On Letting Go: How Art Institutions and Artists Are Correcting History

It is difficult to discuss the unprecedented upheaval of the past year without sounding clichéd. From the amplification of social justice movements to the devastating worldwide pandemic with near and far ramifications, including unimaginable death tolls from negligence as well as institutional and systemic inequities, the weight of what has been inherited will take us so long to work through that it seems impossible to even begin. But to suggest the work hasn’t already started would be false. So, with this in mind, I want to consider three events that took place since the world paused, pivoted and persevered. In the summer of 2020 the non-profit art centre Yale Union Contemporary, in Portland, Oregon, did something that no one would see coming: they let go. At the same time, Divya Mehra was about to open an exhibition with Regina’s MacKenzie Art Gallery in Saskatchewan, at the core of which was the repatriation of a cultural object that had been stolen more than a century prior, forcing the hand of the institution to let go. In the fall of the same year, the eminent conceptual artist Garry Neill Kennedy exhibited his private collection with Griffin Art Projects in North Vancouver. What was not immediately evident, however, was that Kennedy was also learning to let go.

Kasper König, various postcards, drawings, printed matter, collection of Garry Neill Kennedy and Cathy Busby. Photo: Rachel Topham Photography. Courtesy Griffin Art Projects, Vancouver.

Yes, this is messy, but stay with me as I attempt to clarify these overlapping histories and how the (art)world played witness. Yale Union had a successful, decades-long history of producing contemporary art exhibitions and projects in a building built in 1908 on the border of the Buckman neighbourhood of southeast Portland. Having initially operated as a commercial laundry for 50 years before housing an automotive manufacturing facility until 2006 (at which point the Yale Union building was listed on the National Registry of Historic Places in recognition of the role it played in the women’s labour movement), the two-storey, 36,000-squarefoot space, built near an estuary, was unlike many non-profit art centres and yet shared with all of them the same history of operating on stolen land. As their website, which now functions as a complete archive of activities, notes, “Yale Union acknowledges that it occupies the traditional lands of the Multnomah, Chinook, Kathlamet, Clackamas, Tualatin Kalapuya, Molalla, and other Indigenous peoples.” Yale Union functioned as a publisher, an artist’s residency and a space for exhibits and events. In July of 2020 a transfer of the building and land was completed, allowing Yale Union Contemporary to dissolve and the Native Arts and Cultures Foundation to take ownership of the property. The final project organized by Yale Union—a solo exhibition by Kwakwaka’wakw artist Marianne Nicolson of the Musgamakw Dzawada’enuxw First Nations—is due to open as this magazine goes to print.

Dan Graham, Horizontal Roll, 1971, performance documentation, collection of Garry Neill Kennedy and Cathy Busby. Photo: Rachel Topham Photography. Courtesy Griffin Art Projects.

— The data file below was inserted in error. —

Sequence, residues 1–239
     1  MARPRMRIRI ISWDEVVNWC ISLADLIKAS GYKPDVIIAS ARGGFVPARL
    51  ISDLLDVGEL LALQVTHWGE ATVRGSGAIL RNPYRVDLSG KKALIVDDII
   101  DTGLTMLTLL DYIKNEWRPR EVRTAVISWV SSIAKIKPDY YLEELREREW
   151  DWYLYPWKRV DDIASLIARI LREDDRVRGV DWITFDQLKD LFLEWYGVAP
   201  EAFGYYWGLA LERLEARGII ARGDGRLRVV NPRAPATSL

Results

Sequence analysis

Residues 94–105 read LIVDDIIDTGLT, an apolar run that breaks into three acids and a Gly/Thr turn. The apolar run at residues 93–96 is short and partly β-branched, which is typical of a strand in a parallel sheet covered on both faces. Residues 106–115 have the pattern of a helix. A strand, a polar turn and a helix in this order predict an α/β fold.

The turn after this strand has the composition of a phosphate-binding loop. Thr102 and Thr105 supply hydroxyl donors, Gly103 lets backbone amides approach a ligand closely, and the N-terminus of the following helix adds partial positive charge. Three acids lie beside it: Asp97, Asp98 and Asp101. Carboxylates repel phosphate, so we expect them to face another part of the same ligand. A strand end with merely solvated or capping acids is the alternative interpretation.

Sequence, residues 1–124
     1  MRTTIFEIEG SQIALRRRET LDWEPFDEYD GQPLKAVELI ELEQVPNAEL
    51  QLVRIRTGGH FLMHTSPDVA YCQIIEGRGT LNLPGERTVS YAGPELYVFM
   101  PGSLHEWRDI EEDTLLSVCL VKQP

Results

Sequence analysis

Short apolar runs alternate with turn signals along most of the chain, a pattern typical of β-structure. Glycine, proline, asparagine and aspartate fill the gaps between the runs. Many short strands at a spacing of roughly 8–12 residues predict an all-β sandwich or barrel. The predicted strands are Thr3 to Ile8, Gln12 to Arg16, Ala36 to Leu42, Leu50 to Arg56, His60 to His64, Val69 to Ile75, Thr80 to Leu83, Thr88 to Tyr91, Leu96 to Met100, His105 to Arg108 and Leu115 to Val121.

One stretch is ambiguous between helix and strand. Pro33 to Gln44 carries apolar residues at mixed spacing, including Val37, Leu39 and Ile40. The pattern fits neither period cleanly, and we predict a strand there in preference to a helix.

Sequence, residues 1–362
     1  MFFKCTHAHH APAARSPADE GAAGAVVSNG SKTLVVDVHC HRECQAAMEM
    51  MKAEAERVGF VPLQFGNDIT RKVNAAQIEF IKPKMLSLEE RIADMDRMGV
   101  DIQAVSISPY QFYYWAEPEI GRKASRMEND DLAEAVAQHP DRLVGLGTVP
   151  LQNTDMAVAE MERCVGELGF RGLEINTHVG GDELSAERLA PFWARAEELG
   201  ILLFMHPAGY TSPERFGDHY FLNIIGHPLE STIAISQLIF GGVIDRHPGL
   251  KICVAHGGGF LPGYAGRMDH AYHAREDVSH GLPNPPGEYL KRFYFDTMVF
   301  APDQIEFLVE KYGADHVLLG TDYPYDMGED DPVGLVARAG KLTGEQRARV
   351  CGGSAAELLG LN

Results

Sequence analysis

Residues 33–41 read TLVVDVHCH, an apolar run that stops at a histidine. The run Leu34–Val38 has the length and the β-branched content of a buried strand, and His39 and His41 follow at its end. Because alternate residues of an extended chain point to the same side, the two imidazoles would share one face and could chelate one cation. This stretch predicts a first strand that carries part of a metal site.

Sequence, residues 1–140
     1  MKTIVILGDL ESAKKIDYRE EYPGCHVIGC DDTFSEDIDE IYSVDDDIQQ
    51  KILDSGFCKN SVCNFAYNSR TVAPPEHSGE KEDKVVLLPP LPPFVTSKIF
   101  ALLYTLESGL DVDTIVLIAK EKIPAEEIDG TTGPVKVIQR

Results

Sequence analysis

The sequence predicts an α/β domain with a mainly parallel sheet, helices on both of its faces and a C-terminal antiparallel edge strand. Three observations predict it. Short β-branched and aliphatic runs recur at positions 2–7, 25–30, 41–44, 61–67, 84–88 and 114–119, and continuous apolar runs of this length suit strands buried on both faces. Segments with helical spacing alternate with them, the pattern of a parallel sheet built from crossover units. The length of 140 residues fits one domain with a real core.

Upon being invited to present her touring work, consisting mainly of a 15-foot-square bouncy castle scale replica of the Taj Mahal that, when installed amidst the holdings or architecture of the host gallery, often critiques the homogeneity of collecting practices by institutions in the West, Divya Mehra found something surprising in the collection of the MacKenzie Art Gallery. The gallery’s namesake is Norman MacKenzie (1869–1936), a lawyer and avid art collector with a penchant for travel, and whose friend Edgar James Banks may have been the real-life inspiration behind the Indiana Jones character. Deep in the vault of the institution, Mehra came across a small carving that she could immediately tell was misidentified as the Hindu god Vishnu. This artwork was Indian in origin, and, after consultation by Dr Siddhartha V Shah, curator of South Asian Art at the Peabody Essex Museum, was properly identified, by her ladle and bowl of rice pudding, as the goddess of nourishment, Annapurna.

When Mehra alerted John G Hampton, then-director of programs and the curator of the project, to this misidentified deity, he asked her what she wanted to do and, without missing a beat, she offered, “Give it back.” In the seven decades of the MacKenzie Art Gallery, whose collection includes 5,000 objects spanning 5,000 years of art production, there has never been a deaccession … until now. The response by the institution was that something would have to be acquired to fill the gap, and in Mehra’s signature tongue-in-cheek style, a bag of sand à la Indiana Jones and the Temple of Doom was proposed. Luckily Norman MacKenzie had kept detailed records of his travels, including anecdotes of hiring locals to steal objects of cultural and religious value and recording how he had come by this particular statue while travelling through Varanasi in the early 20th century. And ultimately, therefore, to where it could be returned.

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